Greenwich Village preservation group calls for interior landmarking of White Horse Tavern

March 11, 2019

Via Wikimedia

A Village preservation group on Monday called on the city’s Landmarks Preservation Commission to designate the interior of White Horse Tavern a landmark. In a letter to LPC Chair Sarah Carroll, the Greenwich Village Society for Historic Preservation (GVSHP) wrote that “the potential loss of the interior of this tavern from a recent change in ownership would be a devastating loss, not only to New York City, but to the country and the world.” The request comes less than a week after the 140-year-old West Village bar was sold to notorious landlord Steve Croman, who once served jail time for tenant harassment.

Via Wikimedia

As 6sqft learned last week, the bar, which opened on Hudson Street in 1880, will be run by restauranteur Eytan Sugarman, who co-owns the Hunt & Fish Club with short-lived Trump administration official Anthony Scaramucci. Sugarman is also known for his Made in New York pizza shop that faced backlash for selling an eerily similar square-shaped pepperoni slice to that of Prince Street Pizza.

When it first opened, the White Horse Tavern catered to Irish immigrants and other dock workers coming from long days of labor on the Hudson River. Later, in the 1930s and 1940s, unions and communist organizations also used the tavern as a meeting spot to exchange ideas. During the 1950s, the bar became popular with writers and artists, with literary patrons including James Baldwin, Norman Mailer, Jack Kerouac, Bob Dylan, and Dylan Thomas.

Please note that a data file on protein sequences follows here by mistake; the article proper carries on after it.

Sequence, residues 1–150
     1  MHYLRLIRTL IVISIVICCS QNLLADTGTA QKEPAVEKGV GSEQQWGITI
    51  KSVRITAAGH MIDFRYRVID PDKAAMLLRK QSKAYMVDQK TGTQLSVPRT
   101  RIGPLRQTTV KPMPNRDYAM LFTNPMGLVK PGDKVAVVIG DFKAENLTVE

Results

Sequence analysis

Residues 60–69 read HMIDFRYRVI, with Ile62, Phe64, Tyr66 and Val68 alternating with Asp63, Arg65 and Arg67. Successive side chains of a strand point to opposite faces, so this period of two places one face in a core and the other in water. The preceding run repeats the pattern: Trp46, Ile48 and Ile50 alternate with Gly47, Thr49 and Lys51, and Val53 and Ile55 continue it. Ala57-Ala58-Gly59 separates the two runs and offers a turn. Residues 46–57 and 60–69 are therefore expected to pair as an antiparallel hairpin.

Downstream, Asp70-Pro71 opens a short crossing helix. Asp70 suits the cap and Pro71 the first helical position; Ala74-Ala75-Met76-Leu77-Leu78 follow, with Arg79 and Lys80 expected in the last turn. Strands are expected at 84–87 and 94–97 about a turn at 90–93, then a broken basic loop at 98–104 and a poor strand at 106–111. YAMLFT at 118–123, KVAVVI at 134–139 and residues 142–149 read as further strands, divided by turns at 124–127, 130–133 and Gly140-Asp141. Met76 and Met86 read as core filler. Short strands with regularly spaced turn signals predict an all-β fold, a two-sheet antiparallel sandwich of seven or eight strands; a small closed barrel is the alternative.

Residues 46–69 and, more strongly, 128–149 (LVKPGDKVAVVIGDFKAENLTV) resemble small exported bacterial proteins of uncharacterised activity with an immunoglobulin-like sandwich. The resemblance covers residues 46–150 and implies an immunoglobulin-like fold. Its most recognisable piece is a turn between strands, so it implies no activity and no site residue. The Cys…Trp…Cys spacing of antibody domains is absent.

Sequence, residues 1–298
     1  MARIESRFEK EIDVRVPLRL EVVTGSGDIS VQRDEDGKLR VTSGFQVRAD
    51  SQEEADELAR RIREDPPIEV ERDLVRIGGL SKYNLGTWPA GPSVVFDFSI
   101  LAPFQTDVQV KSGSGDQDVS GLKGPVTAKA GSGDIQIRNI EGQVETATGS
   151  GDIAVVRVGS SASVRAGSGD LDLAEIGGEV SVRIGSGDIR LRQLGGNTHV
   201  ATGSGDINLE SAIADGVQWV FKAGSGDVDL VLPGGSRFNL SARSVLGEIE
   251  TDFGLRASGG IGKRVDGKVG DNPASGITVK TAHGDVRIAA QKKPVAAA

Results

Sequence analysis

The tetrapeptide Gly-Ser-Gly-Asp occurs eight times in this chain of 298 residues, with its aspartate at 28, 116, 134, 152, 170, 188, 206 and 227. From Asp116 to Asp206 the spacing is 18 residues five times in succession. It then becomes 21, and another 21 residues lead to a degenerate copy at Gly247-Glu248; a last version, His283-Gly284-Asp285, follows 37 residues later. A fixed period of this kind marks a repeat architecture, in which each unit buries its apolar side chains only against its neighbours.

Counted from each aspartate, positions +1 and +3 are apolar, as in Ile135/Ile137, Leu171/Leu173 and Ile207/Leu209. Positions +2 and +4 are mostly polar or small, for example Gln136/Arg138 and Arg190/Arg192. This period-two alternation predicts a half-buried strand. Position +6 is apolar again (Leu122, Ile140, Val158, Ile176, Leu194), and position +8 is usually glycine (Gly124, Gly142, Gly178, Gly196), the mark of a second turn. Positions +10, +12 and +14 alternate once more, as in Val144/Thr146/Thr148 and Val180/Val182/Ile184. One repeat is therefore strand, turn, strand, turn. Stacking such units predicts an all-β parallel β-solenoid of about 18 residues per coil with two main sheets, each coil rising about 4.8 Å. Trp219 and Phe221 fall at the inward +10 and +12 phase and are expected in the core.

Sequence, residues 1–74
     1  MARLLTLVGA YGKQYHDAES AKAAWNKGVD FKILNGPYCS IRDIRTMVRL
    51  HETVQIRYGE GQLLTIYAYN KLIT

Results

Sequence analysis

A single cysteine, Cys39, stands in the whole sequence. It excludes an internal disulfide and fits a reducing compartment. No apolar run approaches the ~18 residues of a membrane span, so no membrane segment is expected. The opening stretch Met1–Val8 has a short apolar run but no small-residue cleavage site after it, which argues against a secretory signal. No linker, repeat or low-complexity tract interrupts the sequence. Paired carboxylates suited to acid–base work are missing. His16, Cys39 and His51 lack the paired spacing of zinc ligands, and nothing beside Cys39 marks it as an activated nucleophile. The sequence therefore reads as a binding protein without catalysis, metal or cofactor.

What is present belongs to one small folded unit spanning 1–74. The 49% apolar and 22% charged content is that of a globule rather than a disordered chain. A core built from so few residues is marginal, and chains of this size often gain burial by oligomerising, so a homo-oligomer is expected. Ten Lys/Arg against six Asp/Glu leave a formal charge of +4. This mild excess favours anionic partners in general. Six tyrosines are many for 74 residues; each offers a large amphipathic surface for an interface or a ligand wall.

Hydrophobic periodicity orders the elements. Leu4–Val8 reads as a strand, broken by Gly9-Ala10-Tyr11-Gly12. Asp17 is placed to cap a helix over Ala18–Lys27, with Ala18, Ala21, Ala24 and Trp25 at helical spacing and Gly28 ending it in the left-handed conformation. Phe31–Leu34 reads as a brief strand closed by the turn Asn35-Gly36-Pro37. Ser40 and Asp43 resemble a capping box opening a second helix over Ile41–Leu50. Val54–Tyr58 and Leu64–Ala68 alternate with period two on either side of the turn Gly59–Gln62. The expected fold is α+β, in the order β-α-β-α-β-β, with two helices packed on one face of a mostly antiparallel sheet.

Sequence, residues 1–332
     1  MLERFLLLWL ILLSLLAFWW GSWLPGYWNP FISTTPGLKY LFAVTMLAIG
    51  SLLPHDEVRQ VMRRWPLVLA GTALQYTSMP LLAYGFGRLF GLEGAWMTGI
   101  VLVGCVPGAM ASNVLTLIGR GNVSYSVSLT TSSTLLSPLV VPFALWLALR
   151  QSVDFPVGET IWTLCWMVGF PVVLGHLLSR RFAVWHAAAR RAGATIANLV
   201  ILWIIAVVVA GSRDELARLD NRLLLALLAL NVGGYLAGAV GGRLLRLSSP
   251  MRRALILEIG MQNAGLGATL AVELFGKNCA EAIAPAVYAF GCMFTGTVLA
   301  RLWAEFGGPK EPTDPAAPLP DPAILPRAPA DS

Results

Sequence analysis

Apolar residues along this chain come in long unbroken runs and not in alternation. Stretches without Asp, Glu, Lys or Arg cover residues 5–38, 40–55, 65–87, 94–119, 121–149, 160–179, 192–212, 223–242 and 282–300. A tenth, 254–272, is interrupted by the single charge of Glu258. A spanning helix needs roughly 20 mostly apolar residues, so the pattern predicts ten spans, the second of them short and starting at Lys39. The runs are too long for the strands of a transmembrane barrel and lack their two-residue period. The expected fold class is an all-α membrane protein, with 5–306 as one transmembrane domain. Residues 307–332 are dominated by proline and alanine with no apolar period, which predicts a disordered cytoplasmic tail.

While the exterior of the bar is landmarked, the interior of “The Horse” contains woodwork, tin ceilings and fixtures “dating back generations,” according to GVSHP.

“There are few more historic locations in New York than the White Horse Tavern, a legendary gathering spot for some of the great mind of the 20th century,” Andrew Berman, executive director of GVSHP, said in a statement.

“With the building sold and the bar coming under new ownership and management, it’s critical the Landmarks Preservation Commission ensure that treasured piece of New York and world history is protected, and won’t be going anywhere, regardless of who owns or runs it.”

As Eater NY reported, Sugarman plans on taking the bar’s historic details into account. “We are only focused on preserving the rich history and legacy of this iconic institution for New Yorkers,” Sugarman said. Infrastructure upgrades will be made to the historic haunt, but no other renovation plans have been announced.


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